Two months later, he upped the ante again by winning the ultimate prize in tennis—the Wimbledon Championship.

Ashe also defeated Borg in the quarterfinals of Wimbledown in 1975.

Ashe officially retired from the tennis circuit in 1980, after suffering a heart attack the previous year while holding a tennis clinic in New York. He underwent quadruple bypass surgery that would ultimately hasten his retirement. After a second surgery in 1983, he became the National Campaign Chairman and spokesman for the American Heart Association.

During his illness he had the strong support of his wife Jeanne Moutoussamy-Ashe, a celebrated photographer, whom he had married three years earlier after meeting her at a tennis tournament while she was shooting a commercial for a New York television station. (They later adopted their daughter Camera in 1986.)

 

The couple was devastated when Arthur was diagnosed with the HIV virus in 1988, which had been contracted through blood transfusions during his second heart surgery. He later founded the Arthur Ashe Foundation for the Defeat of AIDS, which worked to raise awareness of the virus. They were each active in providing significant fundraising, as well as lending their own philanthropic support for the organization.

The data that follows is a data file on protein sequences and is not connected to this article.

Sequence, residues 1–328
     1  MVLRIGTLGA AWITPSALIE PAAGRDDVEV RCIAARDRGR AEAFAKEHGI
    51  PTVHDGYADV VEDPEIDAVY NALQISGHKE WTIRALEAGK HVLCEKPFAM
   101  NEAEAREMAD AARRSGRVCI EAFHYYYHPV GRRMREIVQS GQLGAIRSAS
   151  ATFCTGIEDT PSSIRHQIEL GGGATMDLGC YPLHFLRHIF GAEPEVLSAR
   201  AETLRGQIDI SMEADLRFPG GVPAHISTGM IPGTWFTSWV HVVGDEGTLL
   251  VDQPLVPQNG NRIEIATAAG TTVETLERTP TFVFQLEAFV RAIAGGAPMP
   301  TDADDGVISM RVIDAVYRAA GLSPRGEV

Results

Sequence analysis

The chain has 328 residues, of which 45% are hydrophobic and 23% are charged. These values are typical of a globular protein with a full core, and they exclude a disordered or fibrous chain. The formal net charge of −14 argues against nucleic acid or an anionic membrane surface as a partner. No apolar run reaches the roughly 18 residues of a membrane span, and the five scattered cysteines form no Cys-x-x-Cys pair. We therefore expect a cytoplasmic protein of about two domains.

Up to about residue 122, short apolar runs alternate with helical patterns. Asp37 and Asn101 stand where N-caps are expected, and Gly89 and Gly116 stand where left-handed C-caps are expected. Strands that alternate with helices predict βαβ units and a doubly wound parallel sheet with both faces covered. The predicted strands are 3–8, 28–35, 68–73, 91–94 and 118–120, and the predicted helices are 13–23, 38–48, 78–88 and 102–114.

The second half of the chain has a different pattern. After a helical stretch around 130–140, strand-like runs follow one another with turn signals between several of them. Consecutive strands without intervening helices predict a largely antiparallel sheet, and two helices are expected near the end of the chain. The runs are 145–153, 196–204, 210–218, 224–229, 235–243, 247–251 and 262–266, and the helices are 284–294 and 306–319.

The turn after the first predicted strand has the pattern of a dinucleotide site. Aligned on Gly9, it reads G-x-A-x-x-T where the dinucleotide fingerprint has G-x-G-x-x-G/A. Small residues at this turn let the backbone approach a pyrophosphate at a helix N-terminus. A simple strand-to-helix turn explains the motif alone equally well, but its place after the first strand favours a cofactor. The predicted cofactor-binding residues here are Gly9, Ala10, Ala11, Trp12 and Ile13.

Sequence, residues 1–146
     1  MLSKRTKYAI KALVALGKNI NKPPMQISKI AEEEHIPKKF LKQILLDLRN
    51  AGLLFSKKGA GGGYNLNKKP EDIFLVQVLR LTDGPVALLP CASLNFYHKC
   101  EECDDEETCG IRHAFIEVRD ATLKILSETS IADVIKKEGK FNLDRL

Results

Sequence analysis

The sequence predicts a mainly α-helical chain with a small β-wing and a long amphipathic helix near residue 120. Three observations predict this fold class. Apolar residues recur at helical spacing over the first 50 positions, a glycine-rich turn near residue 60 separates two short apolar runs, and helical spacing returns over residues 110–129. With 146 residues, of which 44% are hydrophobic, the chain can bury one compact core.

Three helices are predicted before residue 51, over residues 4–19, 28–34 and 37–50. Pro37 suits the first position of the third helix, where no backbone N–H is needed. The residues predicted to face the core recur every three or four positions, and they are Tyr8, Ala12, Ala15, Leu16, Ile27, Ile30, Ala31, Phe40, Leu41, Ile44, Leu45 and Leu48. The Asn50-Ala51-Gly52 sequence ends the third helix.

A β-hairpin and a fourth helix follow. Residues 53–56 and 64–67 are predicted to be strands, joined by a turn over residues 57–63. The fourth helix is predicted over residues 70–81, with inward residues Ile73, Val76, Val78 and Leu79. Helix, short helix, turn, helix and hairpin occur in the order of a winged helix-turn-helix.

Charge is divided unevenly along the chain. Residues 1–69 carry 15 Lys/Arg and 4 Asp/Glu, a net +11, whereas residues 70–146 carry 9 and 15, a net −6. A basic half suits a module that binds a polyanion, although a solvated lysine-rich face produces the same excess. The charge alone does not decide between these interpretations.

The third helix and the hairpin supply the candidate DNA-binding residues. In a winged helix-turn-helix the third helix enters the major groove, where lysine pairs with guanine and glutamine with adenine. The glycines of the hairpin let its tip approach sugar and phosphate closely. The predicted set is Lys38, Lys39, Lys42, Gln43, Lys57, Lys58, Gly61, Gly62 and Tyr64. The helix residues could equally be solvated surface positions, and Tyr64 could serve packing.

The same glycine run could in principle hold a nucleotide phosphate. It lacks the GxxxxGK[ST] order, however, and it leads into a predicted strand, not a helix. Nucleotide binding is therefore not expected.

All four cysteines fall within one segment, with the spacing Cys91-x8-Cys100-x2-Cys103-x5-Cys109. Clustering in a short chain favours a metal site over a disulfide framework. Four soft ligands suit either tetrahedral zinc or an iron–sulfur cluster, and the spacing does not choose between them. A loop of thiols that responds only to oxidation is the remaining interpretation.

Ashe died February 6, 1993, from AIDS-related pneumonia in a New York City hospital at the age of 49. His body was allowed to lie in state at the Governor’s Mansion in his hometown of Richmond, Virginia, where long lines of mourners filed past his casket. More than 6,000 people attended his funeral service, which was officiated by his longtime friend Andrew Young. Ashe was buried in Richmond alongside his mother Mattie.